Mr. Chatterjee has argued that even in such a case, the defence evidence ought to be discussed; and in support of his contention he has referred to the ruling in the case of -- 'In re Govindan', AIR 1942 Mad 669 (F), where it was held that although in a summary trial it was not necessary for the Magistrate to record that the prosecution witnesses actually said it was necessary for him in convicting the accused to give a brief statement of the reasons, and the statement of reasons should include at least a short summary of what the prosecution witnesses had stated, and if there was defence evidence it would be necessary for the Magistrate to say why he preferred the prosecution evidence. A perusal of the judgment of that case will show that what the trying Magistrates (trying Magistrates were a Bench of Magistrates) recorded was that the Magistrates had heard the evidence and unanimously found the accused guilty. There was no record of any evidence for the prosecution or defence and no statement of reasons. There was therefore clear non-compliance with the provisions of Section 263, Criminal P. C.

In the present case the learned Magistrates recorded the prosecution and defence evidence separately although not 'in extenso' and he wrote out a short judgment giving his reasons. Therefore there was compliance with the provisions of Section 263, Criminal P. C. It is true that the learned Magistrate did not in his brief judgment discuss what the defence witnesses had stated buta perusal of the judgment shows that he did consider what the defence witnesses had stated. Forinstance, he observes in the judgment that the evidence of both parties shows that the complainant's land stood at a higher level than the land of the accused. Moreover the evidence of the two defence witnesses in the case was only that the accused had not actually gone to the common boundary at the time alleged and had not cut the all. This was a mere denial of the prosecution case. The learned Magistrate noted that the defence was a mere denial and that the case was false. It cannot be said therefore that the learned Magistrate failed to consider the defence case. Accordingly this point must also fail.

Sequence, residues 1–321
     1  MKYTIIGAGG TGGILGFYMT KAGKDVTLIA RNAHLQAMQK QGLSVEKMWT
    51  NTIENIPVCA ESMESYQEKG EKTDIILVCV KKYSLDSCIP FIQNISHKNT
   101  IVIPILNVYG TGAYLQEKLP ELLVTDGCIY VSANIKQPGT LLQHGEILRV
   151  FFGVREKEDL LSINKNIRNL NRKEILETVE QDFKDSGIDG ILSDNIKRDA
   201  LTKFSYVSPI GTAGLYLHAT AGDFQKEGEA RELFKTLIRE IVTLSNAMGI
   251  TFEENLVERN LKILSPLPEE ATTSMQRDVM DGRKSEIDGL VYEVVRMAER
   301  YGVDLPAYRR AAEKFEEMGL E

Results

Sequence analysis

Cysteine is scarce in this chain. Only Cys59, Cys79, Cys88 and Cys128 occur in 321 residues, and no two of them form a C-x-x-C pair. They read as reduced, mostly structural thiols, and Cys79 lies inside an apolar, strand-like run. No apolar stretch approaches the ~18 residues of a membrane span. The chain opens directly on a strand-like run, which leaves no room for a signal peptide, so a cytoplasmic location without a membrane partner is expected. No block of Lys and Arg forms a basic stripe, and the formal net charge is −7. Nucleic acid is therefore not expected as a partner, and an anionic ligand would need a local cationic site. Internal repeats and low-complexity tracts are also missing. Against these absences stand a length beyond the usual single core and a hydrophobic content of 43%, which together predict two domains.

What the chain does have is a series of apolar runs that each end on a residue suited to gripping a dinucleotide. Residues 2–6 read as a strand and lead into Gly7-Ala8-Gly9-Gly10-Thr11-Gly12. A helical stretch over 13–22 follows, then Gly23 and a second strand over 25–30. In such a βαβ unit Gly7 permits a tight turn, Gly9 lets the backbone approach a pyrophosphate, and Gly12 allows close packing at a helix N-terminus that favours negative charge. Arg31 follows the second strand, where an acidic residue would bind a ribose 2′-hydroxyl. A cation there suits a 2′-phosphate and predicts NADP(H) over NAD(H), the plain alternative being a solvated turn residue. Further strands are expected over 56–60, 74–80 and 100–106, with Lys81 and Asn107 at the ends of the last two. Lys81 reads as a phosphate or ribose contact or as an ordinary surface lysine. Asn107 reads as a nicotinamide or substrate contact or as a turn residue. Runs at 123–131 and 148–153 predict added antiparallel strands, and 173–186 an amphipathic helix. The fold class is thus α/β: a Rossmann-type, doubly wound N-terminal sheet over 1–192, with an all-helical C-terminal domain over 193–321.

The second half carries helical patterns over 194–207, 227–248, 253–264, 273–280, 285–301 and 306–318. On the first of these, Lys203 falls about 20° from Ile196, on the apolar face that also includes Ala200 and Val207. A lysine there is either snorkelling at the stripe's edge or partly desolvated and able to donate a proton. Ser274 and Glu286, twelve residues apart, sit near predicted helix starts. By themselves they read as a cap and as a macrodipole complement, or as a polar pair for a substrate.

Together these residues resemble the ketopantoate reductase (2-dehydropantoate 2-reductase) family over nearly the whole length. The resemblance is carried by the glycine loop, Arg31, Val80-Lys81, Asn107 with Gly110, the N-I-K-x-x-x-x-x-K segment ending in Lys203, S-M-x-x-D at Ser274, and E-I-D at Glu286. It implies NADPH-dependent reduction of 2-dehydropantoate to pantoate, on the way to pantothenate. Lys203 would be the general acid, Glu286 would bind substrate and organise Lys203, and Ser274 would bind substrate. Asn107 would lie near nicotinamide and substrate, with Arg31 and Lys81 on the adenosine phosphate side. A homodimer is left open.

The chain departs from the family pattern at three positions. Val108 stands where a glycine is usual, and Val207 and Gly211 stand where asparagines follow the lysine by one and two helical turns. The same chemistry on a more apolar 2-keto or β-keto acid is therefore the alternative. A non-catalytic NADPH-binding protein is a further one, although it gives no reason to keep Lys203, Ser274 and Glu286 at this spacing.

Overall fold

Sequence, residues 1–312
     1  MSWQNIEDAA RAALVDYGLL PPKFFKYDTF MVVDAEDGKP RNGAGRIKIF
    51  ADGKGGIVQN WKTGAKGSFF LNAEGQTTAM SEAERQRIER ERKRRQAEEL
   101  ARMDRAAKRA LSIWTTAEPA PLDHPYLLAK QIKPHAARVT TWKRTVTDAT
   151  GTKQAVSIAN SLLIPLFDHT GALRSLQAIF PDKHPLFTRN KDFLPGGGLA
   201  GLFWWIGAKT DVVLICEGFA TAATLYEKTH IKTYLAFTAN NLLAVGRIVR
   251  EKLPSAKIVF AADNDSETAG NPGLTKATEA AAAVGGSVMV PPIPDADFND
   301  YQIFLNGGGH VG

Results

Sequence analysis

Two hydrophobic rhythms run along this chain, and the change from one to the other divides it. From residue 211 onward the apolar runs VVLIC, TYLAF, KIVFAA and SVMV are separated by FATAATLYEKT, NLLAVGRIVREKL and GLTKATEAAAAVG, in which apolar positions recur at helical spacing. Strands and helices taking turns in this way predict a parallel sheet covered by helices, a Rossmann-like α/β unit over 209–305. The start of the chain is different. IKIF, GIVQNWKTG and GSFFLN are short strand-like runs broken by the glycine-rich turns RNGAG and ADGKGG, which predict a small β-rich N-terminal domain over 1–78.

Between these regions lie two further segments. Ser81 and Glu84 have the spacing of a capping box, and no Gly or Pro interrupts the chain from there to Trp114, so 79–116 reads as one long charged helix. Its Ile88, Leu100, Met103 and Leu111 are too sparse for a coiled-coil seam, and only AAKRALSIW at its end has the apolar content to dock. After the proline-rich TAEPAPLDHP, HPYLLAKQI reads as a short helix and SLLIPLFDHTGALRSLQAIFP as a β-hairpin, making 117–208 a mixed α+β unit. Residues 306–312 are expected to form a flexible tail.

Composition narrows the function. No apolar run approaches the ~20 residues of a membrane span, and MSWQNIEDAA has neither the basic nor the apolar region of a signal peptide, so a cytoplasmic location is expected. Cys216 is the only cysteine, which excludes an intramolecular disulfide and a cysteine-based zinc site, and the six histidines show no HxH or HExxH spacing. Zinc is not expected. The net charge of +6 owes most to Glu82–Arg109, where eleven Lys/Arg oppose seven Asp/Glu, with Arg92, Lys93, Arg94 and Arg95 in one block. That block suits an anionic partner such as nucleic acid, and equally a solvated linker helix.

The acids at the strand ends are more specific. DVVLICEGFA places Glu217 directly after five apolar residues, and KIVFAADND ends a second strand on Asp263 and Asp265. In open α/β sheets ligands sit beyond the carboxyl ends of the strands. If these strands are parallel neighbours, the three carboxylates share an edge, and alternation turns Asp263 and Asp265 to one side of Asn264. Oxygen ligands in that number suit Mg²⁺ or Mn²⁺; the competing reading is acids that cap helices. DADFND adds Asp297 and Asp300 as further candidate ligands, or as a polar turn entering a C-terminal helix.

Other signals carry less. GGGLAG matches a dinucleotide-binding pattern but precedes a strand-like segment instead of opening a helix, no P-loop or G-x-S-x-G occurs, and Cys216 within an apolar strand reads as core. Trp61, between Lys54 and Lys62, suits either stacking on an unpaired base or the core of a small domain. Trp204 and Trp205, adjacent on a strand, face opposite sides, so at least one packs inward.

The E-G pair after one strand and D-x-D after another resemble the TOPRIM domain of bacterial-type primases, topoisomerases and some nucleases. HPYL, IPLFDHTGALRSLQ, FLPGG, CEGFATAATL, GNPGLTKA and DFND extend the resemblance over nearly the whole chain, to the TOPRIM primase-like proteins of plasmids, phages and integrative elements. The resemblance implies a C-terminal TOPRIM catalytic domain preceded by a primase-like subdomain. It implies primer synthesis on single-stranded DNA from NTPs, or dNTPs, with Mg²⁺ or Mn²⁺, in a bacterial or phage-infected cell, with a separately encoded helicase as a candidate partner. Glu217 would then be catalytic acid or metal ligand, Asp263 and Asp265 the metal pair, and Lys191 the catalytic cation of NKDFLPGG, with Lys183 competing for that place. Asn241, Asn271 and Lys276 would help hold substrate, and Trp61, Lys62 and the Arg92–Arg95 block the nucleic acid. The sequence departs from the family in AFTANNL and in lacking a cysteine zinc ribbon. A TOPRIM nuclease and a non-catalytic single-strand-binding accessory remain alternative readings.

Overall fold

5. The application therefore fails and the Rule is discharged.

Mitter, J.

6. I agree.